by Sharifah Sekalala and Toni Haastrup

New Global Health initiatives, such as the Global Fund to fight AIDS, Tuberculosis and Malaria (GFATM), Global Alliance on Vaccines and Immunisations (GAVI), UNITAID, Joint United Nations Program on HIV/AIDS (UNAIDS), and foundations such as the Bill and Melinda Gates Foundation, have been critical to the increase in global health financing. From 2000 to 2010, global health financing grew by 11.4 percent annually. Although this growth slowed from 2010 to 2015, global health financing is still high, with US$ 36.5 billion of financing disbursed in 2015. Some of the largest providers have been the US and UK governments (US$ 13.1 billion and US$ 4.1 billion, respectively) and the Gates Foundation (US$ 2.9 billion).

The bulk of health financing is administered through global health organizations, making them formidable players in the field of global health. Much of the previous focus on these initiatives and organizations has been on their efficacy, but, as the editors of this Special Issue argue, the contribution of these global health organizations to advancing other normative areas, such as human rights, has been overlooked. This is particularly important, because we generally know that international organizations can shape important normative practices of actors, including states, at the domestic level.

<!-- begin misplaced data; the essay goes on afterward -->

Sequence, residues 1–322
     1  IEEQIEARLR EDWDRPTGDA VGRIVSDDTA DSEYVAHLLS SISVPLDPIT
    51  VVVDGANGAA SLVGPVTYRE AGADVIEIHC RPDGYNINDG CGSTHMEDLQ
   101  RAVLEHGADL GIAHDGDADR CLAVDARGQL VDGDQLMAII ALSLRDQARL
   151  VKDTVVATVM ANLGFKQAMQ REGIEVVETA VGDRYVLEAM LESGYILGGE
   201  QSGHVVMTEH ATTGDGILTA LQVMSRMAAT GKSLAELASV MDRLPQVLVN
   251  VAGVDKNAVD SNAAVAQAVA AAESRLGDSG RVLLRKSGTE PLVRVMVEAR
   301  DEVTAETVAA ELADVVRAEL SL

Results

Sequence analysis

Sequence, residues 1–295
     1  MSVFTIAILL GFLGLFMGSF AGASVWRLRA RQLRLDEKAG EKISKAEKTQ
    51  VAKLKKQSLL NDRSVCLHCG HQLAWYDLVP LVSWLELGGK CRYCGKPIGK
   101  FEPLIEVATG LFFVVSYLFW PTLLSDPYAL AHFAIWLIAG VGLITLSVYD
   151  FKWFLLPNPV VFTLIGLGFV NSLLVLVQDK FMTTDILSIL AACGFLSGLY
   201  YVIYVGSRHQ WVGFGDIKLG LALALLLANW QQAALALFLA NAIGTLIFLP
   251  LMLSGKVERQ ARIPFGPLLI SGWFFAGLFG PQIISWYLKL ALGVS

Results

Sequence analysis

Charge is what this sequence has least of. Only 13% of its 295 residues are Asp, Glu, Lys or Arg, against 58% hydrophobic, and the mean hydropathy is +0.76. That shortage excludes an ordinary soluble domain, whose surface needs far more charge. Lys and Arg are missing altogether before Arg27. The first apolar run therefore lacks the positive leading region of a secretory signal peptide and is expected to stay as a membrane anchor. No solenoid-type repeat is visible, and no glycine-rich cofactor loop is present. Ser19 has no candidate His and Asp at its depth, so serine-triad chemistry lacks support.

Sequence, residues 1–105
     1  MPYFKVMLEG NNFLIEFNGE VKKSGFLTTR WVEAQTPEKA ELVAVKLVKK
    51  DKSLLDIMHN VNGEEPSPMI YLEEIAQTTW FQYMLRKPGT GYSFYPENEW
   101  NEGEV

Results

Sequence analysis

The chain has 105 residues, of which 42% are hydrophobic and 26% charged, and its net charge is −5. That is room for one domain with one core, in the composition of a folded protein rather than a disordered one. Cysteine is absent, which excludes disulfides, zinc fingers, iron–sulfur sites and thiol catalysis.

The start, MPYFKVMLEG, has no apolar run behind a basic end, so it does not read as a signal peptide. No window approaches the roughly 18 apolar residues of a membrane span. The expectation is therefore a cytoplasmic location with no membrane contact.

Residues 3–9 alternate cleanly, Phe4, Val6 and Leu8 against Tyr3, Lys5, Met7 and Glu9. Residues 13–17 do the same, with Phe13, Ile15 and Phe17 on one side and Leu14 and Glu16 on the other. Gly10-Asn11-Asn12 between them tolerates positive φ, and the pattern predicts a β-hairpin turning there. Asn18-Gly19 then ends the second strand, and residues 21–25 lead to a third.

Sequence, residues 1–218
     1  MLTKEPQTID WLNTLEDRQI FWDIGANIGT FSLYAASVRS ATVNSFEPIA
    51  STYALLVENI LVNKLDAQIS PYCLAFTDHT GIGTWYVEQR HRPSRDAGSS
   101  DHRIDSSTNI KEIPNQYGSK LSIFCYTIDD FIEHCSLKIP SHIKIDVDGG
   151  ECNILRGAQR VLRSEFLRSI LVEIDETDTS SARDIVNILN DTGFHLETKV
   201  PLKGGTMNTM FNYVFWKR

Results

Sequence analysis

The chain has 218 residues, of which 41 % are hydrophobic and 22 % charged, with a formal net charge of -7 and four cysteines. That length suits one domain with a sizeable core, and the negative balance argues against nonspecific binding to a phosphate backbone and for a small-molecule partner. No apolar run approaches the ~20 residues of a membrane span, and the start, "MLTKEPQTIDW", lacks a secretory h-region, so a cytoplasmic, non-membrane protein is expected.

In this article, we focus on the inclusion of human rights within the remit of the GFATM. The GFATM is a global health governance organization, which was established in 2002 to disburse funds to developing countries to enable them to fight AIDS, tuberculosis, and malaria. Human rights have always been integral to this, as using a rights approach at the national level can tackle discrimination, which helps people to overcome barriers to contracting these diseases domestically, and enables states to create better access to services. Additionally, human rights approaches not only help to fight against discrimination and stigma but they can also contribute to improvements of social determinants of health, such as food, water, sanitation, housing, and education, all of which are essential in creating effective responses to these diseases. Consequently, the GFATM has sought to integrate human rights within its financing …